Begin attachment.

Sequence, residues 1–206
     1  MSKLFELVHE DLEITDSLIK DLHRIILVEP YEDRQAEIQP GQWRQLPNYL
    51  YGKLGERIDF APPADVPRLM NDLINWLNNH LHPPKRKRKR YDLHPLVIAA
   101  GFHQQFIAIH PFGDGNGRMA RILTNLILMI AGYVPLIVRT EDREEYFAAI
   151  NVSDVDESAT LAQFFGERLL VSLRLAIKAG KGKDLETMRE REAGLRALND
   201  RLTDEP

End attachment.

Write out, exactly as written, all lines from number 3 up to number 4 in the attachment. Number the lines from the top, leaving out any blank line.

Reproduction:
    51  YGKLGERIDF APPADVPRLM NDLINWLNNH LHPPKRKRKR YDLHPLVIAA
   101  GFHQQFIAIH PFGDGNGRMA RILTNLILMI AGYVPLIVRT EDREEYFAAI